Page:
From 2003 to 2009, the use of wax-alternative boxes increased 105%, according to the Elk Grove Village, Ill.-based Corrugated Packaging Alliance.
Dwight Schmidt, executive director of the alliance, said July 9 that he expects the percentage to keep climbing.
“We have more documented conversions and more retailers specifying wax-free recyclable packaging than ever before,” Schmidt said.
“Several notable retailers are specifying that they want wax-alternative boxes so they can recycle it,” Schmidt said. “It has an effect on their sustainability efforts and their carbon footprint, but it also has a tremendous effect on their bottom line.”
Most waxed boxes can’t be recycled, and Schmidt said retailers pay $70 to $150 per ton tipping fees to dispose of them.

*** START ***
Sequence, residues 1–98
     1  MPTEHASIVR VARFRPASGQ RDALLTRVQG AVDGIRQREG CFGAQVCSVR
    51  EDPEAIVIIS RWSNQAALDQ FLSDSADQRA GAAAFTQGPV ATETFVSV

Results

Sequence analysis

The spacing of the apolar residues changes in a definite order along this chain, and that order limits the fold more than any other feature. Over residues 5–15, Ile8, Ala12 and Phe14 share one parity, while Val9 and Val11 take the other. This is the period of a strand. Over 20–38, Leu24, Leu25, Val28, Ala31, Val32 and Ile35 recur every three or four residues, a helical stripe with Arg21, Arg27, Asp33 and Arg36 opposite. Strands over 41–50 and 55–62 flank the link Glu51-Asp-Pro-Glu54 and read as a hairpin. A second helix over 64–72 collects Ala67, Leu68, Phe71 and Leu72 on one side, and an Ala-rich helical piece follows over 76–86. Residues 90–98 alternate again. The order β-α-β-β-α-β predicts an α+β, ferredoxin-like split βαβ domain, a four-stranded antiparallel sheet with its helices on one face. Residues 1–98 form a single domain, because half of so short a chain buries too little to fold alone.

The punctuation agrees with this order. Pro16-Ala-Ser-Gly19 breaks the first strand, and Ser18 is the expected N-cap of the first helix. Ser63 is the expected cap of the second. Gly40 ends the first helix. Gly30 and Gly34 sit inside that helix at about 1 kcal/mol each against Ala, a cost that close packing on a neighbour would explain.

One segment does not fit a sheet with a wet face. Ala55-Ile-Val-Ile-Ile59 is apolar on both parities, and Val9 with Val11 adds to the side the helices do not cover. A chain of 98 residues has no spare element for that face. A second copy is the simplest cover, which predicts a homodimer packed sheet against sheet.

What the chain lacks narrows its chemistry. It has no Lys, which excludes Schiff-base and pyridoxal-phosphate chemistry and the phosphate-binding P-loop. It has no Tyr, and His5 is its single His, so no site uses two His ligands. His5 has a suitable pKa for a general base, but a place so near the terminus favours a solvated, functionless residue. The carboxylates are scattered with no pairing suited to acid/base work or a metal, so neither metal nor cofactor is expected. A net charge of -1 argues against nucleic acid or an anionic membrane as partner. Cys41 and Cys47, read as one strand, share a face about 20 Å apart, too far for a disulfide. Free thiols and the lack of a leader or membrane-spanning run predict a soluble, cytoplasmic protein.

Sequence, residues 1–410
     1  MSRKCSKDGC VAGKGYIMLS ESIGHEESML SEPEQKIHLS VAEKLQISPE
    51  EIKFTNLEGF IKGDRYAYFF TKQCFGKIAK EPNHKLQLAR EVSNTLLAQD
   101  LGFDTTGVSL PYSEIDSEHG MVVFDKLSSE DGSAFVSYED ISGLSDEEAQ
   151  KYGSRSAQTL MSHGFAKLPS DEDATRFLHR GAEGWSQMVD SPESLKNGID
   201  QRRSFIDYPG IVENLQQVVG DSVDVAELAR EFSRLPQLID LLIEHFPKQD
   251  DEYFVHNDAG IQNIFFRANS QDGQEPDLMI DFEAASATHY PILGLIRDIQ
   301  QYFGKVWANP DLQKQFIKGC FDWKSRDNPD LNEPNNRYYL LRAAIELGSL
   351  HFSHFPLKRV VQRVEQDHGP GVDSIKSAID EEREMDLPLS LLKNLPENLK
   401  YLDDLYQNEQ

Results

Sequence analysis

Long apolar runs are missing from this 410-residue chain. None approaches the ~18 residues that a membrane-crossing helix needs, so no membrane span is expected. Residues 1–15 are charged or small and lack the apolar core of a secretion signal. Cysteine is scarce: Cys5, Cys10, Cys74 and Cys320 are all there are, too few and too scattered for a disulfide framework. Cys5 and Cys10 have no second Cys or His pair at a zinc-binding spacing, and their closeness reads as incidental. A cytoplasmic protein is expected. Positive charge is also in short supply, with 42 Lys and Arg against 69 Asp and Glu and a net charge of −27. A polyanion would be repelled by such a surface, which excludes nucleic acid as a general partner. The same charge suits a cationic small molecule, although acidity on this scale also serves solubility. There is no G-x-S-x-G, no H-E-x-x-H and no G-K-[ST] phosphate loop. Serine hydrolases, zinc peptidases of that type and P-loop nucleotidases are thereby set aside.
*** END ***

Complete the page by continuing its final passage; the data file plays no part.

Wax-alternative boxes, however, typically can be recycled and contribute to the money retailers receive for recycling the massive amount of corrugated containers that come through their doors.
Schmidt said July 9 that the going rate for old corrugated containers was $115 a ton, and it has been as high as $200 a ton.
“That’s a significant revenue stream for a retailer,” he said, “and we get the boxes back to recycle.”
Schmidt said there still is plenty of waxed packaging in the supply chain. Part of the problem, he said, is that restaurants — which handle lower volumes of product and packaging at individual locations than retail stores — have less incentive to change.
“When a grower-shipper changes their retail packaging to wax alternatives, we encourage them to change all their packaging,” Schmidt said.